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Contractors File 2009: Foreword

No one working in construction, or indeed any industry, has had an easy time in the last 12 months.

In dealing with the economic crisis, the government has implemented a range of options to lessen the impact and is now involved in a wide-ranging public debate on how to get public spending and government borrowing under control. Whoever prevails at the next general election, the prospects for public sector investment in infrastructure is of deep concern.

Throughout the recent phases of government action, CECA has been influencing the debate by reflecting the concerns of contractors in the civils sector. Back when the recession was still being called the “credit crunch”, for example, CECA lobbied on behalf of that part of our sector then at the sharp end of the squeeze on lending − the smaller contractor.

Our responsibility is to work with those whose decisions impact on the construction market place.

We surveyed the extent of the problem and we sized up the proposed solutions being put forward to get money moving and we took these concerns direct to ministers.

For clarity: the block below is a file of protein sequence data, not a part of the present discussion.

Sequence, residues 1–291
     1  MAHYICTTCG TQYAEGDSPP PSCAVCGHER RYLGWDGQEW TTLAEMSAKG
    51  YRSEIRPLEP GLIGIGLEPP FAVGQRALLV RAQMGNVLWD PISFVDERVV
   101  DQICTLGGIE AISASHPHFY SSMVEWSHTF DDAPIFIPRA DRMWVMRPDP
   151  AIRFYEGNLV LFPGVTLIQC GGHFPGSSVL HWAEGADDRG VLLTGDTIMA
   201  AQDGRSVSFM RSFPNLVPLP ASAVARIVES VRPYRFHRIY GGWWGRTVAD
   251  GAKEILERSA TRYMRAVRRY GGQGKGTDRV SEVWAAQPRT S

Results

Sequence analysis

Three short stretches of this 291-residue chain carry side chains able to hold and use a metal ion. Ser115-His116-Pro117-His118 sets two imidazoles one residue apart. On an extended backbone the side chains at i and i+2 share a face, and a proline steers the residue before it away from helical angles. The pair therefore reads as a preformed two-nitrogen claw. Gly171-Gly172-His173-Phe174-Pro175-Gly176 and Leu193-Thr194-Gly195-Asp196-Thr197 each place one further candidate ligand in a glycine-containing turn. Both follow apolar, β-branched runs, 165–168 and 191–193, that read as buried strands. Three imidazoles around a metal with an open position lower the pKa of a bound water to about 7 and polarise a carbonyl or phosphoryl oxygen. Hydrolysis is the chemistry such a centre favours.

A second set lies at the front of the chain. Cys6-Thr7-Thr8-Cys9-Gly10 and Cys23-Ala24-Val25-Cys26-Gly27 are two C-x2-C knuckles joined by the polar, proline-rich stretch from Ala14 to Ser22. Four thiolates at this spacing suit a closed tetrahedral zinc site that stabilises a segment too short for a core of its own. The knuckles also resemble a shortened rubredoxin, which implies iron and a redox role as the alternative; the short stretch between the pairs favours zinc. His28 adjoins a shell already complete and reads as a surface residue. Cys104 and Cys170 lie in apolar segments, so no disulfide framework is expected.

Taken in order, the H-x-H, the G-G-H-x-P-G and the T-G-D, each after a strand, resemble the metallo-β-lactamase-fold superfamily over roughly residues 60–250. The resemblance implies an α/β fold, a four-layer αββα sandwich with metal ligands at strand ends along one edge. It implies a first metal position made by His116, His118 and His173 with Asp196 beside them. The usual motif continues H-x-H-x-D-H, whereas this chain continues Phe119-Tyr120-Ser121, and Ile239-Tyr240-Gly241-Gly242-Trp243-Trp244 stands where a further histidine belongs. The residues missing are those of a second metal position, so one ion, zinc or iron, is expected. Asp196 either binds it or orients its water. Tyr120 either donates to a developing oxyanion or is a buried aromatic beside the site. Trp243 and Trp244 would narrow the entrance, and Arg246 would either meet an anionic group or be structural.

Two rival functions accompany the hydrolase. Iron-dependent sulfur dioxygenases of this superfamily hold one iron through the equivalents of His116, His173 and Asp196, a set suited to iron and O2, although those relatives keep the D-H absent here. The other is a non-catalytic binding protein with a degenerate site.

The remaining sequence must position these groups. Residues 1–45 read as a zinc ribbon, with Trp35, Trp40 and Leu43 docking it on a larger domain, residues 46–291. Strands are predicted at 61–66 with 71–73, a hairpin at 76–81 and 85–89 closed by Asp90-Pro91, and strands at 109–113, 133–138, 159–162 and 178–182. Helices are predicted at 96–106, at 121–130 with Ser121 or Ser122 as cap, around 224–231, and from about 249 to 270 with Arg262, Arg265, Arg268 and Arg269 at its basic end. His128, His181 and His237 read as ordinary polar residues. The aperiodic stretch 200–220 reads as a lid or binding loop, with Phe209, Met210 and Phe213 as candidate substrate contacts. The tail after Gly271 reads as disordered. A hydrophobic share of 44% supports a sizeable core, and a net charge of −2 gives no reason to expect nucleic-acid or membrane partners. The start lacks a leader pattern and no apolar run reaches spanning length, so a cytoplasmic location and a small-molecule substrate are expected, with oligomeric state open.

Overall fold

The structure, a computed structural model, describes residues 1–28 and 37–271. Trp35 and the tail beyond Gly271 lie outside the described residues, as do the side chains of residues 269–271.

We made SMEs the focus of our work at that time because their problems appeared most acute. They were not just struggling to access working capital − many had seen work in key areas such a preliminary works dry up almost overnight. As the recession has deepened, no contractor remains wholly unaffected.

Our responsibility at CECA is to work with those whose decisions impact on the construction market place. We maintain a dialogue with clients, keeping them in touch with the industry’s concerns.

Enlightened and informed

The clients that have adopted an enlightened and informed approach to procurement and working relationships understood the benefits to be gained. In the current economic situation it is crucial that this is maintained and developed rather than price again becoming the sole determining factor when choices are made. Unrealistically low tender prices deliver no benefit to the industry or its clients.

Government needs a healthy contracting community.

Government needs a healthy contracting community to construct and maintain what it describes itself as “critical national infrastructure”.

We fight a constant battle to make government realise the advantages and efficiencies that a long-term plan for infrastructure can deliver - both for new-build and repair and maintenance. The country suffers from a rigid planning system in need of further reform and investment decisions seemingly made in line with electoral advantage rather than national need. This must change to enable the industry as a whole to make the best use of its resources, invest in innovation and deliver the added value and sustainable solutions that are required.

  • Rosemary Beales is CECA national director

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